Hey, y’all. Hope all is well and you’re having a great fall.
I’m taking a break from writing about books today to rant about something else that I’ve always been passionate about — NASCAR.
As a lot of you know, I spent a good chunk of my career working in sports. I worked with Florida State athletics, EA Sports, the Indy Racing League (now IndyCar), and even the Charlotte Motor Speedway while in graduate school.
Nowadays I don’t write about sports unless it’s for fun, which is why from time to time I pen posts like these.
Before I go any further, I do want to say congratulations to Martin Truex and the entire 78 team on winning the 2017 Cup Series championship at Homestead last weekend. I remember Martin when he entered Cup racing via JR Motorsports from what was then the Busch Series. He was a talent then, and he’s a talent now evidenced by one of the most dominate seasons in recent NASCAR history. He’s also, best I can tell, one helluva good guy with the makings of a great champion.
Way to endure, Martin. Truly, you are the man.
So, why NASCAR and why now?
A lot has been made of NASCAR’s dire financial situation in 2017. I’m not here to discuss that, although if you’d like to know more, I’d highly recommend reading this excellent column from Jenna Fryer of the Associated Press. I’m here to talk about solutions.
In short, NASCAR today reminds me in many ways of the National Hockey League following the 2004 lockout, which saw the league forfeit an entire season. Radical change was the only way the NHL would ever recover, and radical change it embraced. It moved forward with three things in mind:
- How do we make our product as exciting as possible for fans?
- How do we maximize our league’s value for owners and potential sponsors?
- Who can we partner with to grow our renewed brand?
Fast-forward a few years, and the NHL is quite healthy in 2017. Still, it all started with the league’s willingness to retract, cut costs, adapt, then move forward with a strong foundation.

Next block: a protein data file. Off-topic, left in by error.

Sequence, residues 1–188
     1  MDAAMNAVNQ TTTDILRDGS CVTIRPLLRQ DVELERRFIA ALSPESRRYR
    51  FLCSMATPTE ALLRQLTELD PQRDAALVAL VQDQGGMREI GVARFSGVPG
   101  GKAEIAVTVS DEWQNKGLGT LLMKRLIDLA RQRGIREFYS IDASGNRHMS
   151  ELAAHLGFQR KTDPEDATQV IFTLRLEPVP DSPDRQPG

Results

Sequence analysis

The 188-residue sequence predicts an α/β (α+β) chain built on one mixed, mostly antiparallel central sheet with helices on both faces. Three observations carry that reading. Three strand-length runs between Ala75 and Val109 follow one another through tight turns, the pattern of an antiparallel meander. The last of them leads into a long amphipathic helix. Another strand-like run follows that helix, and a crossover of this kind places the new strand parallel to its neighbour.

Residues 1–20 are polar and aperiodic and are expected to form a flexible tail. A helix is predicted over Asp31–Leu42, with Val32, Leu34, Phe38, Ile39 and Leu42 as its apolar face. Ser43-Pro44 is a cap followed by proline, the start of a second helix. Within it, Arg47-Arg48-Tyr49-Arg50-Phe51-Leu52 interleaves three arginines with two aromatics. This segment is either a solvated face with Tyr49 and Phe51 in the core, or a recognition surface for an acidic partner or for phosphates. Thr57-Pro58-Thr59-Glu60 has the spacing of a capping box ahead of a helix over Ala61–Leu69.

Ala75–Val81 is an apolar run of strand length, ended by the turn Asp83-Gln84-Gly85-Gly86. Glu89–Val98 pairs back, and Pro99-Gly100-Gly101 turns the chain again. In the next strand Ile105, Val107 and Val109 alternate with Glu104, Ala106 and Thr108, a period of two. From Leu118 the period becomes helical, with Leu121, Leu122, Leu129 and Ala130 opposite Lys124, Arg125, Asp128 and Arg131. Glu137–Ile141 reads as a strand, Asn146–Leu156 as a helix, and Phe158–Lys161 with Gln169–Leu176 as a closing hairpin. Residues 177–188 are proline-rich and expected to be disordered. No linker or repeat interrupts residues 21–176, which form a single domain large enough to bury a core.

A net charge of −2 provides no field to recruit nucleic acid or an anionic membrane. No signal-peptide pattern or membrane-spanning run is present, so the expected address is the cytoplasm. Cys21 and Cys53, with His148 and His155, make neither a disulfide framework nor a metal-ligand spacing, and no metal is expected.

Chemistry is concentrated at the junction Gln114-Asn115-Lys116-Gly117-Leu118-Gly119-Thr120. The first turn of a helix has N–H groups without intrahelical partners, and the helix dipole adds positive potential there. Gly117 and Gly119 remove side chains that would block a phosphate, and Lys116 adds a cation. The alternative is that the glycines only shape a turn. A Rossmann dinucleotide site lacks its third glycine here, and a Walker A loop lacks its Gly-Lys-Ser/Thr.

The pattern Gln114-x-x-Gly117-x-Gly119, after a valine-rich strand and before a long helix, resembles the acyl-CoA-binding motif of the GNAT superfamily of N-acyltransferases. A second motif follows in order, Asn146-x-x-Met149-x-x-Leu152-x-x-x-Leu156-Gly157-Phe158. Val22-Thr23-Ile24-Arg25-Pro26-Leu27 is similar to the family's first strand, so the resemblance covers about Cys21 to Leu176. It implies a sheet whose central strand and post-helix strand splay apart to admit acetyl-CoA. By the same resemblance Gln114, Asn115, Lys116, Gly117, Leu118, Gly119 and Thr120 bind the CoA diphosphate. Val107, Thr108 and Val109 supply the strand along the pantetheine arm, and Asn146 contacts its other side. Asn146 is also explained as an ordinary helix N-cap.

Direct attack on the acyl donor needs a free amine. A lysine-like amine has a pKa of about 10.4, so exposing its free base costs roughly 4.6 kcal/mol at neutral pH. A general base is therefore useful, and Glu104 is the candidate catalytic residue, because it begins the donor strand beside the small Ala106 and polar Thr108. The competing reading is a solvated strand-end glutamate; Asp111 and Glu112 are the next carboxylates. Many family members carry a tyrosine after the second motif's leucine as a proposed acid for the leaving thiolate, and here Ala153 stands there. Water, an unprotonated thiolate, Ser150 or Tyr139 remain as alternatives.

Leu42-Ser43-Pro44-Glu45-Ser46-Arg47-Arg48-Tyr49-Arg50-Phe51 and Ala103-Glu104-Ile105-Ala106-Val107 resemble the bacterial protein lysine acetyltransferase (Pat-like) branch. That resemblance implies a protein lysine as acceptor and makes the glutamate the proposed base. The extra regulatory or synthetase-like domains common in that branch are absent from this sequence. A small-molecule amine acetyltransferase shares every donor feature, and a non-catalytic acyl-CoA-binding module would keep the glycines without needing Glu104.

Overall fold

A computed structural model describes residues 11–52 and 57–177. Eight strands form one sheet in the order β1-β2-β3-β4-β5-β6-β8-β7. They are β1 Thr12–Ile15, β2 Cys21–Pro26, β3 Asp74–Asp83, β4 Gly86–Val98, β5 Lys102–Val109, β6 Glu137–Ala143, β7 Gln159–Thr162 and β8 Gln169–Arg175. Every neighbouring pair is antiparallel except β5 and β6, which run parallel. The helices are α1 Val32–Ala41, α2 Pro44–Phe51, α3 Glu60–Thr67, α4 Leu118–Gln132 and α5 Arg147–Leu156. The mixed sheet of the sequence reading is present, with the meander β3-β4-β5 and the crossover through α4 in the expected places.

This is the path NASCAR should embrace today.
What would Commissioner Malone do?
The following are six far-fetched (as in, they’ll never happen) ideas I’d pitch were I tasked with fixing NASCAR.
Step 1: Slash the schedule and realign
There is absolutely no reason for a sport — any sport — to run a 10-month season. Thirty-six races are entirely too many, and that’s not even including exhibition events like the All Star race and pole winner shootout.
I’d cut ten weeks from the schedule. That’s nine points races and the All-Star race (no sport in America has a thriving all-star event, so why bother?). This, in turn:
- Puts a premium on remaining races
- Makes significant cuts to travel costs for teams
- Ends the season during the summer with minimal competition from other sports for TV viewership
Once the final list of tracks has been established, I’d design a schedule with as much emphasis on geography as possible to prevent teams from crisscrossing the country for dates.
My ideal season would consist of 27 races (20 regular season and 7 postseason). It would begin in February with the Daytona 500 then end on Labor Day in NASCAR’s backyard — Charlotte, North Carolina.
Bonus Thought: The Memorial Day date would go to the Southern 500 at Darlington Raceway.
Step 2: Rebrand the “playoffs” as “the tournament,” reduce participants
Dear NASCAR. Stop calling your postseason “the playoffs.” You’re not football, and honestly you look ridiculous pretending otherwise. Be who you are.
I get that NASCAR wanted to put an emphasis on wins by giving automatic postseason berths to race victors throughout the regular season. It makes sense. The problem is you inevitably end up with one or two drivers who fluke out a win then eek into the title hunt with no real right to be there.
That’s not competition; that’s a gimmick, and it cheapens the crap out of your title.
The time has come to reward consistency again. I’d do this by crowning a regular-season points champion after race 20, then giving that driver the top seed in a seven-week tournament (ala the NCAA Basketball Tourney) using much the same format as exists today (twelve drivers trimmed to eight after three races then four after six, creating a four-driver shootout in the final event).
This rewards the old-school fans who value consistency while giving NASCAR’s television partners something exciting to sell with the postseason.
As for how these 12 drivers would be selected: I’d do so on points, while allotting major point bonuses to stage and race winners throughout the regular season (yes, I’d keep stage racing).
Step 3: Cut the cost of racing… A LOT
Some reports claim it takes $25-30 million per year to field a competitive Cup Series team. That’s freaking absurd! NASCAR should find ways to slash that in half, minimum. This would achieve two major goals:
- Creates enormous value for sponsors (NASCAR Sales Pitch: “Hey, Outback. Would you rather spend $10 million annually for eight weeks of scoreboard sponsorship at Dolphins Stadium, or be featured front-and-center on the hood/fire-suit of our champion for seven straight months, including the postseason? Oh, and he’ll eat a steak in Victory Lane!”)
- Creates parody within the sport since more race teams can afford to compete at high levels (good equipment, equal testing time, etc.)
As for how best to do that, I wouldn’t begin to speculate, although the schedule changes shown above are a great way to start.